Last Updated on April 28, 2023 by Hub Blogging
Wind force alone does not damage windows and doors. However, when wind forces combine with a lot of debris circling in the air, it is much more dangerous.
It is why it’s essential to protect your home with hurricane-proof windows. Whether you live in a coastal region where hurricanes are a severe threat or in an area that’s more prone to hurricanes, it’s essential to have hurricane-impact windows installed. These windows protect your home from hurricane-force winds and flying debris that can cause structural damage and collapse.
Impact-resistant glass is designed to withstand heavy impacts like hail and flying debris during a hurricane. It typically combines tempered and laminated glass with a solid polymer film.
Another way that impact-resistant glass sets itself apart from traditional options is its ability to flex. When air pressure changes, a window’s capacity to move up to several inches is crucial for maintaining its integrity.
To be hurricane-resistant, a window or door must undergo extensive testing that tests the window’s strength against air, water, and structural pressure. The result is a window’s Design Pressure (DP) rating.
The DP rating is typically given on the label of the window. It will indicate how many points the window has to withstand before it begins to fail the test.
Additionally, hurricane proof window is thicker than regular window frames to help prevent them from separating. They also undergo extensive testing to ensure they’re capable of withstanding the force of a hurricane.
Hurricane shutters are a great way to protect your windows and doors from high winds and flying debris during a storm. But with so many different designs, choosing the right one for your home can be challenging.
Whether you’re looking for a way to add beauty, value, and energy efficiency to your home or a quick, easy, and budget-friendly storm protection option, they stack beside the window openings when not in use and unfold accordion-style to cover the windows and keep out storm debris.
Weatherstripping is a crucial part of preparing your home for hurricane season. It prevents water from entering your home and helps keep the interior warm and cozy.
It also reduces air leaks around your doors and windows that can cause drafts and reduce energy use. It’s beneficial for sealing gaps around doors that lead to uninsulated attics, basements, and garages.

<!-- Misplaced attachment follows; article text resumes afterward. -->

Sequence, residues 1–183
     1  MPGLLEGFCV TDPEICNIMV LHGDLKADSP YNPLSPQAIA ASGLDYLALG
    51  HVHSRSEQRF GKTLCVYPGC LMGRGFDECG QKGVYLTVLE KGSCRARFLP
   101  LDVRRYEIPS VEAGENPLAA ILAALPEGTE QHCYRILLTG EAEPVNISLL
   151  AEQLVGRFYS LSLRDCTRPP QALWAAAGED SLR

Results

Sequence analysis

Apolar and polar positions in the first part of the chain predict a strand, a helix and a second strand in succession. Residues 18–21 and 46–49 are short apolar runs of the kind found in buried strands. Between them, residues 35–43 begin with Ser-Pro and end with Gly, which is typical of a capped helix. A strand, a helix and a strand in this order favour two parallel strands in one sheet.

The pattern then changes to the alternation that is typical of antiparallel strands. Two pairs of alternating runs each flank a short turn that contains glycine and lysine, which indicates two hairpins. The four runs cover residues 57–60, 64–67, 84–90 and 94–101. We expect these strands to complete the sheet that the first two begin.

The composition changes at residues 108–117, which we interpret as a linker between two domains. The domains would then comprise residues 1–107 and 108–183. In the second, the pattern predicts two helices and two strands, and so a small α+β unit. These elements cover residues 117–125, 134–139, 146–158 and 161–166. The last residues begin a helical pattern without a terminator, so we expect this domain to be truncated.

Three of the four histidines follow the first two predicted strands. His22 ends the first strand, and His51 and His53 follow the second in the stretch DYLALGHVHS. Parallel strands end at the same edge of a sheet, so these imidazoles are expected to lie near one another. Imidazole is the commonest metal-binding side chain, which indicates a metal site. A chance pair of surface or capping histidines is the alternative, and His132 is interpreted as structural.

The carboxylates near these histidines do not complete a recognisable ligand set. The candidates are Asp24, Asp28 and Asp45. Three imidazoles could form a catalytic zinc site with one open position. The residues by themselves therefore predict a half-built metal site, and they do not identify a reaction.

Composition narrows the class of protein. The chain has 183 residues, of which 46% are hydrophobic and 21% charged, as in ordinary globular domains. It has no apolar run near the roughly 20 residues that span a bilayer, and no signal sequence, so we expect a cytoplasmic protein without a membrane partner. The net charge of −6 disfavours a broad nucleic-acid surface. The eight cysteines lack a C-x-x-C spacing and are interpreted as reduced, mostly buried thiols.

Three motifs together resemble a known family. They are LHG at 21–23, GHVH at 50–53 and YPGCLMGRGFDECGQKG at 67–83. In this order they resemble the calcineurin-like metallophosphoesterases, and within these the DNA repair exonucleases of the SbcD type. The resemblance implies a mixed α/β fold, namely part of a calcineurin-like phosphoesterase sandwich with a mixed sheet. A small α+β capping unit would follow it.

Whether installing it yourself or hiring a professional, ensure you know exactly where to apply it. Sealing these air leaks can save up your heating and cooling bills.
Window weatherstripping comes in various types and widths to suit your needs. Some styles are glued, while others are press-on and clip-on.
Hardware is a term that refers to the physical parts that make up a computer or machine. Among other things, hardware includes the processor, the memory, and the video card.
The best hurricane-proof windows use laminated glass panes reinforced with a polymer material that prevents them from shattering. The glass is also treated with an optically clear, non-reflective coating that helps keep it from being broken into small pieces when struck by a flying object.
While not all windows are made with this kind of technology, it is an essential piece of the puzzle regarding hurricane protection. A little research will yield a wealth of information on what to look for and how to get the most out of your investment.
Hurricane-proof windows are a great way to protect your home from damaging hurricane winds. They can be a significant investment, but they can pay for themselves by preventing storm damage and by saving you money on homeowners insurance.
They should be installed by a qualified professional who has experience with storm protection and window installation. This is especially true if the windows are installed on a second story or above.
A qualified window replacement contractor can ensure the proper materials and installation are used correctly. They should also be able to offer suggestions for how to make your new windows fit into your existing frames and doors.